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Regulation is holding back green power, says Drax

Europe's biggest coal-fired power station is calling for changes to the Government's renewable energy regulations to enable Drax to convert one of its six coal generators to run on biomass.

Engineers are set to start work converting the facilities immediately and the green generator could be up and running within 18 months. But under the current Renewable Obligation (RO) regulatory regime the plan – which would be the first of its type in the world – is simply not economic, says Drax.

"Biomass is the earth's fourth-most-plentiful energy resource," Dorothy Thompson, the company's chief executive, said yesterday. "For years it has provided more electricity in the UK than any other renewable resource, but electricity generation from biomass has not increased in recent years due to certain limitations in the policy framework."

Drax can already produce up to 500 megawatts (MW), or an eighth of its output, from biomass burnt alongside coal in "co-firing" facilities. But it is only using around half of the capacity because most of the 1.5 million tonnes of annual input comes from agricultural residue such as peanut husks (rather than specially-grown energy crops, such as elephant grass), which are up to three times more expensive than coal, on an energy output basis.

Not only is the RO regime – which assigns RO certificates to different renewable generation technologies on a "banded" basis – tilted against co-firing. It also needs to set a banding for electricity produced from a biomass-converted coal generator to help the capital investment pay for itself.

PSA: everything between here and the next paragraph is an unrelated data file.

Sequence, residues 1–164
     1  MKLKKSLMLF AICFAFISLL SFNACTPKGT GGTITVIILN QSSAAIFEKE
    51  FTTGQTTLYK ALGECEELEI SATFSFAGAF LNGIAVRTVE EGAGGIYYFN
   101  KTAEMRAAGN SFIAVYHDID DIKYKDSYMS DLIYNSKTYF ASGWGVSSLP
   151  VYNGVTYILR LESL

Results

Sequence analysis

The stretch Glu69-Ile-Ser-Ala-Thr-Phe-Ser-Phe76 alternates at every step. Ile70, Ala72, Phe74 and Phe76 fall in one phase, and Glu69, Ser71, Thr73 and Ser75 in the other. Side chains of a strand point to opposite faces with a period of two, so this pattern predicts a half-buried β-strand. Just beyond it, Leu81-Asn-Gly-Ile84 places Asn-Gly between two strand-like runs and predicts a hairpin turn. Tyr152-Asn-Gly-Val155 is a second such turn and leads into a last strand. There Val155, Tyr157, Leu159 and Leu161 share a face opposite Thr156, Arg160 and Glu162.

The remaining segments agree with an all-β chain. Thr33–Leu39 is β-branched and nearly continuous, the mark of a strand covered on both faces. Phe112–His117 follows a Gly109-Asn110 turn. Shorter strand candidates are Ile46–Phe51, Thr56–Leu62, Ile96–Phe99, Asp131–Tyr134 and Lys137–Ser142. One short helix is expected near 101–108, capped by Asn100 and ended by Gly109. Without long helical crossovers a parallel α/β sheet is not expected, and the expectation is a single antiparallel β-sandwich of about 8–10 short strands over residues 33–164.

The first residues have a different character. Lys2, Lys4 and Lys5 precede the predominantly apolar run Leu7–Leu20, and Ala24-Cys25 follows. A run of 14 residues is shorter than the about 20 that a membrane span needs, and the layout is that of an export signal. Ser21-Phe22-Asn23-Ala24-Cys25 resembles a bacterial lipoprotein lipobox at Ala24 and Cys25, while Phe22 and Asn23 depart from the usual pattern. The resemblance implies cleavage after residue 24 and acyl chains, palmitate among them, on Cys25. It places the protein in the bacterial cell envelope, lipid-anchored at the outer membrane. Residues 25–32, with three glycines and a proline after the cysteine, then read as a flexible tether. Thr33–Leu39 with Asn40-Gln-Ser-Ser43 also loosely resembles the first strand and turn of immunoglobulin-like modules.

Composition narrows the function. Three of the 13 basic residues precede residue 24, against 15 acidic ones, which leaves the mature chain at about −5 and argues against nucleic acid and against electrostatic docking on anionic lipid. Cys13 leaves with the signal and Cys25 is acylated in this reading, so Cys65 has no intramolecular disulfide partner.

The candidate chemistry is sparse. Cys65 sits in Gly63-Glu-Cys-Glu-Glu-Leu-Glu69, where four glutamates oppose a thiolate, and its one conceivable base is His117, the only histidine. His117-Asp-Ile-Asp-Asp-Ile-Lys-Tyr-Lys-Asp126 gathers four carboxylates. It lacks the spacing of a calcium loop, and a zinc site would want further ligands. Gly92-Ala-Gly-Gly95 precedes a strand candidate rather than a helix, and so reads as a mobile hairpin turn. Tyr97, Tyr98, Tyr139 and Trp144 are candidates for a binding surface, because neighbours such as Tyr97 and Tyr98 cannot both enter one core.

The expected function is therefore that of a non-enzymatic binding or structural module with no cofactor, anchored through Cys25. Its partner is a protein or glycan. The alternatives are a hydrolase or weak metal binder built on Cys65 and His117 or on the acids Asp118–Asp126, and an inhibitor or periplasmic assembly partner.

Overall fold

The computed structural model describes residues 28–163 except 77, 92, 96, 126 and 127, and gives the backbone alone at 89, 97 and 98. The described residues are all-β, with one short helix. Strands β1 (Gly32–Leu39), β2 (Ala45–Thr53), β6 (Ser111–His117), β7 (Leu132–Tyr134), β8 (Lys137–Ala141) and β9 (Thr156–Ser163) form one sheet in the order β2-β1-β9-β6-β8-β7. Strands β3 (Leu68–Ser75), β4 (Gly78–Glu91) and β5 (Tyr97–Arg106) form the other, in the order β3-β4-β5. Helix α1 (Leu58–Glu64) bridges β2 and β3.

"Electricity generation from biomass has the potential to grow significantly and make a vital contribution to meeting the UK's challenging renewables and climate change targets at the least cost to UK consumers," Ms Thompson said. "This will only happen with the right policy framework."

Drax is also working on plans to build three dedicated biomass plants. Two sites have already been chosen – one at Drax itself, the other at nearby Immingham – and the Government is expected to rule on the planning applications by September. Although not willing to put a figure on the plans, the company says that the conversion of existing coal facilities to burn biomass is an order of magnitude cheaper than building new infrastructure.

The call for greater recognition of the potential for biomass comes as the independent Committee for Climate Change has warned that the UK is set to fall far short of the target to cut greenhouse gas emissions by 34 per cent by 2020.

The Government's light-touch regulatory approach is not working and plans for renewable energy generation, electric cars and home insulation must be massively speeded up, said Lord Turner, the committee chairman. Last year's 8.6 per cent decline in carbon emissions was an "illusion" of progress created by the recession, he said.

To get back on track, the UK must triple the amount of energy generated from renewable sources to 15 per cent by 2020, requiring a doubling of the number of wind turbines built each year. The committee also called for a carbon tax to hike fossil fuel-generated electricity more expensive and push investment into greener alternatives.